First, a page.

Fulop and the Schools Question
2017 gubernatorial hopeful Jersey City Mayor Steven Fulop will be a winner if anti-Democratic Party establishment Ras Baraka is victorious next month, but he also faces hard questions about loyalty. A year ago, the schools reform movement threw its support to Fulop in his own mayoral contest, only to watch the Jersey City mayor a year later back the Newark mayoral candidate staunchly opposed to the agenda of Better Education For Our Kids. It can be argued, in fact, that more than any other single issue, education fueled Baraka’s candidacy as a counterpoint to Schools Superintendent Cami Anderson’s One Newark plan. The Jersey City mayor is all in. What does that say about his commitment to the goals of B4K?
The Democratic Party Establishment on the Line
We can already see the shrugs of party people dismissing the premise and the objection: there are non-partisan elections. But the Democratic Party establishment, fragmented as it is, decided to back at least two candidates in critical races in this May cycle: Shavar Jeffries in Newark and Council President Andre Sayegh in Paterson. The Passaic County party organization backs the latter, just as the Essex County Democrats led by powerful County Essex Joe DiVincenzo, back the former. Losses in both theaters of political combat will underscore weaknesses in the same political outfit that essentially chose love not war during last year’s gubernatorial contest. If Christie has excruciating internal weaknesses in an NJGOP that put up the unknown Brian Goldberg of Essex County to run against Cory Booker, Booker’s party will show signs of a less than awe-inspiring grassroots political operation. How that impacts the longer term designs of someone like establishment-grounded Senate President Steve Sweeney (D-3) will be a seminal political question. If Jeffries and/or Sayegh triumph, however, the party establishment will get a substantial boost on the ground.
Morris’ Challenge in Paterson
For 12 years, veteran At-Large Councilman Ken Morris has found a way to win. He has his own citywide name and a loyal following. But the distinguished St. Joseph’s Hospital executive has an especially interesting arguably ironic challenge this year. While Morris led the investigation into the city’s Hurricane Irene overtime scandal, he also faces the prospect of lower African-American turnout as a consequence of that exposed scandal, as voters face the real choice of sitting home in defiance of incumbent Mayor Jeff Jones. In 2010, Morris had the reinforcement of real African-American political power in the city as popular recreation department head Assemblyman Benjie Wimberly (D-35) helped drive turnout in his council bid. Morris’s “Wimberly Bounce” four years ago will be replaced this year conceivably by a Jones crater, making Morris’ brand name mechanical effort that much more critical on May 13th. However, there are eight people running for three seats, one of which (currently occupied by Councilman Rigo Rodriguez) is vacant, including three African-Americans.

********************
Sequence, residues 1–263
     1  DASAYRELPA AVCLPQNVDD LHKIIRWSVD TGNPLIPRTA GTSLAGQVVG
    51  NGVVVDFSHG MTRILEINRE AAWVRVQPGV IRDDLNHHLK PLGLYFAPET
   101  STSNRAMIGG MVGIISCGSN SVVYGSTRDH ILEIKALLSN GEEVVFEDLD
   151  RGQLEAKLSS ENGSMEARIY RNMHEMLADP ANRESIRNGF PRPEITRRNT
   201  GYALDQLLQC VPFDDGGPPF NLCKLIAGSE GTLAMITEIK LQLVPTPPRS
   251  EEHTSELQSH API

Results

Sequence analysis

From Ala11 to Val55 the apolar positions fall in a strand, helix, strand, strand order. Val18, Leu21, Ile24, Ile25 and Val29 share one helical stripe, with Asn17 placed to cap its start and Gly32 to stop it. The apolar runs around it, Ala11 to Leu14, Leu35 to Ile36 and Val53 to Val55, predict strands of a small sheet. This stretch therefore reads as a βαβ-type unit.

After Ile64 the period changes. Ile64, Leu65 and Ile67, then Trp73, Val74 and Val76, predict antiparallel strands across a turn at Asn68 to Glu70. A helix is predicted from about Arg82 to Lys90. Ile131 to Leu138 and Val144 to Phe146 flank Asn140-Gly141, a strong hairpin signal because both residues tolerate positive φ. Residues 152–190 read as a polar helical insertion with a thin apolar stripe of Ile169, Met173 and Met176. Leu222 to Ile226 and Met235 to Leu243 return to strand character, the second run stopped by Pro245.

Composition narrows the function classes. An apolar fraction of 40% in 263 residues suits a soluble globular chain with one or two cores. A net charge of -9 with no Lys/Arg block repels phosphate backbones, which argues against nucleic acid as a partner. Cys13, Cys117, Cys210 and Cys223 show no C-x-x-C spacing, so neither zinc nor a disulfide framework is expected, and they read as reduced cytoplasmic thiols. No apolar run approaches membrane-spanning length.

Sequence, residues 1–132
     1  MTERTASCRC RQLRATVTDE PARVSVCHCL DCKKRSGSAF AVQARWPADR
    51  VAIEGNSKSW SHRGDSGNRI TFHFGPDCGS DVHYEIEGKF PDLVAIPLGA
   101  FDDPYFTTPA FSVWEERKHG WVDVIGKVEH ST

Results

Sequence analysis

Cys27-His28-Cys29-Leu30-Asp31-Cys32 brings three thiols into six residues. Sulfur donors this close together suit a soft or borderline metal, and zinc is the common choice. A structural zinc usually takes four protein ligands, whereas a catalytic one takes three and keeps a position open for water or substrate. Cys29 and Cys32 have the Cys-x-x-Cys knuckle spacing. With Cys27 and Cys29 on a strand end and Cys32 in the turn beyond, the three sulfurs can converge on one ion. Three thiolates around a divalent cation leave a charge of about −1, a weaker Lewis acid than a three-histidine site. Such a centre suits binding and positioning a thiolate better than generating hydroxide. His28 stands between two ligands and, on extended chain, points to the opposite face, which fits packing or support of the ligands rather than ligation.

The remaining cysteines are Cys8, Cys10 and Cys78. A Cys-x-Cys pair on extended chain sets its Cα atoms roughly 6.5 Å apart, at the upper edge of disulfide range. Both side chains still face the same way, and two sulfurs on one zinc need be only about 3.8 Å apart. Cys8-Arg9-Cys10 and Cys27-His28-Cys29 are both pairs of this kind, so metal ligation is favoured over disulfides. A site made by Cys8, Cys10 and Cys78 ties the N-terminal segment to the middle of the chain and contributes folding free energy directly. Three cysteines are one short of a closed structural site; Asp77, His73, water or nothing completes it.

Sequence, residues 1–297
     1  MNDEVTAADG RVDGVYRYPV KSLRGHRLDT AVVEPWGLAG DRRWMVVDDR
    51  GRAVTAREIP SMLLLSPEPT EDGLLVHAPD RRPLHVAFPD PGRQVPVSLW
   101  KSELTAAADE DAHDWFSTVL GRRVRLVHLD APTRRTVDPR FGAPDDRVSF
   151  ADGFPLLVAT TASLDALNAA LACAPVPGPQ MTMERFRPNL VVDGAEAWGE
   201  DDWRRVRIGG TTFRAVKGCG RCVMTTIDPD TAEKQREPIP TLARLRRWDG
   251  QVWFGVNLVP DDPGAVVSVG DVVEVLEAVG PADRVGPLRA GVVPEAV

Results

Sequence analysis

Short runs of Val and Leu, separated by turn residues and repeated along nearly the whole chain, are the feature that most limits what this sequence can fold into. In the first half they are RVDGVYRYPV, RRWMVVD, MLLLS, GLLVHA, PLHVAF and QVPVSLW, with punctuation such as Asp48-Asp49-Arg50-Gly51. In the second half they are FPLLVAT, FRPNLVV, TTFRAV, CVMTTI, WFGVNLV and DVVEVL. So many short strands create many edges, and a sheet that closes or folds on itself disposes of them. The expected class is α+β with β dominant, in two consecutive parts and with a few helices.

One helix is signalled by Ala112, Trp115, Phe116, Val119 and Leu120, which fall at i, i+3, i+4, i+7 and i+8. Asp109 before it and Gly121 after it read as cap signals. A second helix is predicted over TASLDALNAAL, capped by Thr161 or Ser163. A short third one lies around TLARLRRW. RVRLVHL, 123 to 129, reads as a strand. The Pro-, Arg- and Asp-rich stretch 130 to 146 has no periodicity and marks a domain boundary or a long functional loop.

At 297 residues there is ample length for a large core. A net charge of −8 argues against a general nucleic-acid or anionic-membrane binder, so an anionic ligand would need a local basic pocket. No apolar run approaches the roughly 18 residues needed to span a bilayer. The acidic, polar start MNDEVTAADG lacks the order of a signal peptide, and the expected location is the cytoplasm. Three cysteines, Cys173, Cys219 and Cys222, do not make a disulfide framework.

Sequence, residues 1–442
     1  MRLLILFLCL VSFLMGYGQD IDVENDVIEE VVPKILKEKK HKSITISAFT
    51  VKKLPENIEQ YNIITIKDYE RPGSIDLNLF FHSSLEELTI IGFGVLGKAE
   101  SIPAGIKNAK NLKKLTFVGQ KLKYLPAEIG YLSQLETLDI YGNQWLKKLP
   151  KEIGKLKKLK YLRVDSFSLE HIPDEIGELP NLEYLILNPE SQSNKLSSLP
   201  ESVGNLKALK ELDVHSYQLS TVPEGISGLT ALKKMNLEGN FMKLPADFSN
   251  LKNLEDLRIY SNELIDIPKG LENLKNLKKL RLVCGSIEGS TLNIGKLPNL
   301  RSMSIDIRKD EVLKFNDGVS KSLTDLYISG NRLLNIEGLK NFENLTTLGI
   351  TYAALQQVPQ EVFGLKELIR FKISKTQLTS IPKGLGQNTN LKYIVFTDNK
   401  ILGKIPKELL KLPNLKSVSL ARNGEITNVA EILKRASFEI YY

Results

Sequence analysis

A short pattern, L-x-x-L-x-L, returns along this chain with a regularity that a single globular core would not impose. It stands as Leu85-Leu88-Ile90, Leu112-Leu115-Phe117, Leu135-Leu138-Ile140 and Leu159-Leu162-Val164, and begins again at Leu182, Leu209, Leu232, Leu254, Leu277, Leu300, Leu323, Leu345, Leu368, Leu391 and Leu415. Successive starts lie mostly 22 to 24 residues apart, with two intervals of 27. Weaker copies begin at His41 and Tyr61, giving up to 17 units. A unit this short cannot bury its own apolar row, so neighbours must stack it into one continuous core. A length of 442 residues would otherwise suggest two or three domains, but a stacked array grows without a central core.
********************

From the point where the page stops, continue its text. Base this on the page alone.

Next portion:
The Dominican Factor in Paterson
The largest growing political community in Paterson faces a particularly enlivened electorate as a consequence of two key collisions. First, two Latino candidates, Board of Ed. Commissioner Alex Mendez and Passaic County Community College administrator Maritza Davila, are both running aggressive candidacies for city council seats in an eight-person race with three seats at stake. Mendez is playing the Dominican card hard. Half-Peruvian, half-Puerto Rican Davila – a Democratic Party acolyte – has a Dominican son and is going for votes across the spectrum. These council candidates’ ubiquity on the campaign trail is sparking real political activism among Dominican voters. The mayor’s race, too, features two high octane Dominican candidates: At-Large Councilman Rigo Rodriguez and retired Passaic County administrator Maria Teresa Feliciano, both of whom continue to drill into competing pieces of the Dominican voting bloc.
Trenton’s place in the June Primary in question
The CD 12 Democratic Primary forces of state Sen. Linda Greenstein (D-14) are convinced that Trenton voters will be sufficiently fatigued as a consequence of a bloody May 13th local election that they will not have it in them to show up to the polls on June 3rd. They also delight in a Mercer mess of conflicting loyalties and subtexts, among them frontrunner Eric Jackson’s irritation over Greenstein’s chief rival, Assemblywoman Bonnie Watson Coleman (D-15), support for Jackson mayoral rival Walker Worthy. But Watson Coleman has her own intergenerational brand name in Trenton and trusts in her ability to resolve the political disputes at the heart of the May election. Legislators committed to sleeping outside tonight in the capital city conjunction with Covenant House in an effort to underscore the issue of homelessness are scheduled to do so with the presence of local pol Watson Coleman. In order to beat the Middlesex-based Greenstein, Watson Coleman will need high voter turnout in her Trenton base.